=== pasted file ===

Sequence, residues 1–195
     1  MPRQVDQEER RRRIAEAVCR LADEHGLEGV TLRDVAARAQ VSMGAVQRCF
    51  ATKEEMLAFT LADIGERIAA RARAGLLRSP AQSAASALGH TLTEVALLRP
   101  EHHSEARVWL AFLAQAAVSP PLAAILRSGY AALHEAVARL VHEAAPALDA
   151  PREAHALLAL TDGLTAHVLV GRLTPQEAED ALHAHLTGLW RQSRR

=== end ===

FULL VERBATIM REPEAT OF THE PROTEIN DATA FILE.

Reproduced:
Sequence, residues 1–195
     1  MPRQVDQEER RRRIAEAVCR LADEHGLEGV TLRDVAARAQ VSMGAVQRCF
    51  ATKEEMLAFT LADIGERIAA RARAGLLRSP AQSAASALGH TLTEVALLRP
   101  EHHSEARVWL AFLAQAAVSP PLAAILRSGY AALHEAVARL VHEAAPALDA
   151  PREAHALLAL TDGLTAHVLV GRLTPQEAED ALHAHLTGLW RQSRR